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FL: 2014 Legislature let feet drag on ethics reform

Lawmakers didn’t tackle ethics reform for state-level elected officials, but they did pass a bill that would require local elected officials to take ethics training classes.

SB 846, sponsored by Sen. Jack Latvala, R-Clearwater, requires local officials to take four hours of ethics training classes a year and sign off on their financial disclosures that they have completed the training. The bill would also let the Commission on Ethics initiate investigations of public officials who fail to file financial disclosures.

One bill that looked sure to pass this legislative session, setting standards for determining if elected officers live in their districts, sailed through the Senate without dissent — but crashed in the House. The bill by Sen. Jack Latvala, R-Clearwater, (SB 602) would have set criteria like where an officeholder claims homestead exemption, sends children to school, receives mail or sleeps every night, to define residency.

Oscar Braynon, D-Miami Gardens, got his bill (SB 192) through one committee — seeking to let legislators accept meals and non-alcoholic drinks at events when they are invited to speak — but it never reached the Senate floor. For the second straight year, legislators shied away from relaxing the 2005 legislative “gift ban,” which forbids them from accepting so much as a cup of coffee from a lobbyist or anyone employing legislative lobbyists.

On another elections matter, lawmakers required lobbyists hired to influence the state’s five water-management districts and some other regulatory bodies to register and disclose their clients. The bill, adopted unanimously, marks the first time lobbyist registration would be required for those appearing some special-purpose boards controlling hundreds of millions of dollars.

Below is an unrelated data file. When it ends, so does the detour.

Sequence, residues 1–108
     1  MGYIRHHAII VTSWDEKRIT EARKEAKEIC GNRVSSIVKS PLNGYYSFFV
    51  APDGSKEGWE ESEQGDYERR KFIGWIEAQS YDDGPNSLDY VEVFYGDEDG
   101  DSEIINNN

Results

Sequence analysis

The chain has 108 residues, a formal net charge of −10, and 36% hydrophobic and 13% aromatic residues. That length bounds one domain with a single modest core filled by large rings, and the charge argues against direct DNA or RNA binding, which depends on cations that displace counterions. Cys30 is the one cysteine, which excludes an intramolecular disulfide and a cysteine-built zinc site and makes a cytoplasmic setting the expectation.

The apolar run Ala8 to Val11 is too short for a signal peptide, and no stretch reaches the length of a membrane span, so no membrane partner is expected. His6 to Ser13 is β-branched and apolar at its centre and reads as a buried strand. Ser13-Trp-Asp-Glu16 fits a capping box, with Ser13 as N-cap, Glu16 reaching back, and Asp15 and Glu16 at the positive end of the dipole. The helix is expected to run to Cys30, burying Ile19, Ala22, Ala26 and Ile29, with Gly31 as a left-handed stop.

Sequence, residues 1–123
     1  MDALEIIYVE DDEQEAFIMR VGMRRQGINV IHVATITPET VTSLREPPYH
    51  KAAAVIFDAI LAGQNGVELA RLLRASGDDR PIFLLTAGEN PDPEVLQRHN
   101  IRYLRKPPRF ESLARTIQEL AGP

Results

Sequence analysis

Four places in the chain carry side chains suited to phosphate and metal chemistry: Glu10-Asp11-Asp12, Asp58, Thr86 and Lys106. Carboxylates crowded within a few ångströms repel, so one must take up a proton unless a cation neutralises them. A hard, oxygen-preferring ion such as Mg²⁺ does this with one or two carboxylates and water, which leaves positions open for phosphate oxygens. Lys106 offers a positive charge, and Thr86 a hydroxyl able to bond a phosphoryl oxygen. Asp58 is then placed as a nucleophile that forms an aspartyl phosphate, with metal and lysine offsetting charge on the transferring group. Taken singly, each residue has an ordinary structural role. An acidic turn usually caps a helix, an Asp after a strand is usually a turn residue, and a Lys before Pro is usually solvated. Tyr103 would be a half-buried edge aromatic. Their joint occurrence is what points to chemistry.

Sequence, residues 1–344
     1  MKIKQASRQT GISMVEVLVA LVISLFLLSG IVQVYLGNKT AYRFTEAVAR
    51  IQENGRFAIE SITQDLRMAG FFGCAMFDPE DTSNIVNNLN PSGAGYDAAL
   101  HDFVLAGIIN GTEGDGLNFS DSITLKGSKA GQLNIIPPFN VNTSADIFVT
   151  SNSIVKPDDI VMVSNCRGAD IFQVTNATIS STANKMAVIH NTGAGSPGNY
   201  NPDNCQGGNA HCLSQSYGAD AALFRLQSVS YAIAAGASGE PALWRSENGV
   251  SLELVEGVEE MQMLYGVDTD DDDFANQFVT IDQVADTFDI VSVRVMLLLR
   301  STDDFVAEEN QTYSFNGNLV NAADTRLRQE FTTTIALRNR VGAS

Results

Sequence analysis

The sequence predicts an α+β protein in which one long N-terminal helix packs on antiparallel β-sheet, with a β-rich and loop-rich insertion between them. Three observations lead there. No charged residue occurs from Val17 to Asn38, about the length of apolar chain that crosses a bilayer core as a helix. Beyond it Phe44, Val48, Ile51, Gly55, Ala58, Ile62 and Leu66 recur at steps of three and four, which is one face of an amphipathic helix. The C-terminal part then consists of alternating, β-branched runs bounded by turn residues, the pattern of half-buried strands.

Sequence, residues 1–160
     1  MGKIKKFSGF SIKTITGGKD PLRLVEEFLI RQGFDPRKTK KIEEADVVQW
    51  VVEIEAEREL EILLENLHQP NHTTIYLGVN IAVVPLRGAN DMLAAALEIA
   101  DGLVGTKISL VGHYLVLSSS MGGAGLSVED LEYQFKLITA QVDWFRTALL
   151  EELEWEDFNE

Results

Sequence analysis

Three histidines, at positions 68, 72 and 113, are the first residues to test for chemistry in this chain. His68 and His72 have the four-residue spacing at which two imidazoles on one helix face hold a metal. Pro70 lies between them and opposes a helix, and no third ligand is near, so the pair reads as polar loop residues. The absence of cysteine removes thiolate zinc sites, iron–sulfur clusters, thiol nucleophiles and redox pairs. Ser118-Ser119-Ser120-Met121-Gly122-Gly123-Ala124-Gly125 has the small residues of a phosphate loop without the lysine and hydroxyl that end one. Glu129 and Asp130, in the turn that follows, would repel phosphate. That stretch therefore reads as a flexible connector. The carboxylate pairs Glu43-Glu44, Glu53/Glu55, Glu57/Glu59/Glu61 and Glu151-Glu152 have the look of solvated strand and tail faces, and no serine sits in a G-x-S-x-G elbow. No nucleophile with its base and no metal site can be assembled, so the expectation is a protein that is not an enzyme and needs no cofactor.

None of the bills filed to expand early voting or set up online registration cleared a committee in 2014.

Michael Gold

As the Florida editor for Watchdog Wire, my goal is to work with other citizen journalists, like you, to help compensate for the lack of mainstream news reporting to expose waste, fraud and abuse that exists in government. My colleagues at Franklin Center, and peers in the Citizen Watchdog movement, share a belief that government transparency and accountability is not a conservative or liberal idea - it is an American idea. A free flow of information is essential to maintaining our free republic, and that starts with a free press -- and that starts with you.

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